Acknowledgments are one of the fundamentals of Donor Relations. Doing them—and doing them well—are crucial to your organization's success. Top-performing donor relations shops understand that there's more to the acknowledgment process than simply saying, "thank you."
Here are our Top 5 must-haves when it comes to preparing your acknowledgments—and by acknowledgments, we mean thank you letters, not gift receipts:
Templates or templated language. You should have opening and closing sentences at your disposal, along with prepared statements for the most common gift designations. Your common designations may include gifts that support research, scholarships, patient care, specific fundraising initiatives, and of course, unrestricted gifts. And don't forget planned gifts. Have two or three sentences, statements, phrases ready to go so you can use them repeatedly in your letters. And yes, you'll need to refresh them from time to time and be sure you're not repeating them to the same donor.
A plan for pledge payments, especially when multiple payments occur in the same year. The industry norm is to acknowledge the first and the final payment instead of every payment. The especially true with corporate gifts. Don't spend your time crafting lovely messages for each gift when your letter will likely go unread and directly into a file.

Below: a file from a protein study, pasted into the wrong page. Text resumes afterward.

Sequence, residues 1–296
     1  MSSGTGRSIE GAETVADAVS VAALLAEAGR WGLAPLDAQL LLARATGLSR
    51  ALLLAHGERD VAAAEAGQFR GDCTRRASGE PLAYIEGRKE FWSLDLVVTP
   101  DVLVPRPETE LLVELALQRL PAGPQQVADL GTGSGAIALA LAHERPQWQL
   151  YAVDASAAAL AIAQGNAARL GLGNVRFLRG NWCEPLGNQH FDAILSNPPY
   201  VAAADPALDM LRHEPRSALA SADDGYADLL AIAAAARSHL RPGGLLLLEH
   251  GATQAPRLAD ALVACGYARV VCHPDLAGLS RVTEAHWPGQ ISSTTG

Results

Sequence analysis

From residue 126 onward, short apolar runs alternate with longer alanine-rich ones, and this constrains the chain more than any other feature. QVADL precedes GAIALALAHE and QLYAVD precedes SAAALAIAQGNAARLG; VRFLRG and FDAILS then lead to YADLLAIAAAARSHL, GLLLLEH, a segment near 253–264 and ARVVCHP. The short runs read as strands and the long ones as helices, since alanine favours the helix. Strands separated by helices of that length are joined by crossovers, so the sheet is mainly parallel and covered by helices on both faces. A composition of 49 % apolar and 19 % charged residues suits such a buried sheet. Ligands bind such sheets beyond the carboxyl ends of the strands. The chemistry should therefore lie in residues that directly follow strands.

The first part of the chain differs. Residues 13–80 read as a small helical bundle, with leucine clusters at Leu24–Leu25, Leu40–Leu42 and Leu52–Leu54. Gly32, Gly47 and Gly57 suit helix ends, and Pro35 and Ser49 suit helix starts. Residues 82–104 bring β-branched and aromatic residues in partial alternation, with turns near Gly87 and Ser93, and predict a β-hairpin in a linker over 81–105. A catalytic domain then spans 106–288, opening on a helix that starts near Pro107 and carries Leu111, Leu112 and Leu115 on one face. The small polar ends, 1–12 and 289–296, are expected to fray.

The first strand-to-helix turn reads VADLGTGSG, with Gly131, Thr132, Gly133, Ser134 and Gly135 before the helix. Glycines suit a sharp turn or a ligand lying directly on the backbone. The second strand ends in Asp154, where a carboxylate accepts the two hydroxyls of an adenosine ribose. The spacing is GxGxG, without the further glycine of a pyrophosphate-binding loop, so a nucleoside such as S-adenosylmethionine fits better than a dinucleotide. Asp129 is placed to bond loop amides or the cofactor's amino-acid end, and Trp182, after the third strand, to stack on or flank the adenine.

A plan for recurring gifts such as payroll deduction. We recommend an all-inclusive year-end acknowledgment versus multiple letters throughout the year.
When to say when. Most organizations are fortunate enough to have those donors who give generously and give frequently. There is a point during the year when we, as Donor Relations professionals, need to encourage (read: politely tell!) leadership to send the donor a handwritten note. If there's a strong relationship, they can even pick up the phone to express thanks. A quick ThankView message is another great option.
Guidelines. We could have made this point #1, but we wanted to be sure you read the others. It goes without saying that you need clear parameters around the dollar amount of a gift that warrants a custom acknowledgment from your leadership versus the gift amount that receives a less personalized message. And then there are your VIPs. The donors for whom the guidelines go out the window, and we acknowledge every gift they make or for whom we at least adjust the guidelines. Think trustees, board of directors, employees/executive-level employees of your organization, etc. And refer to #4 when needed.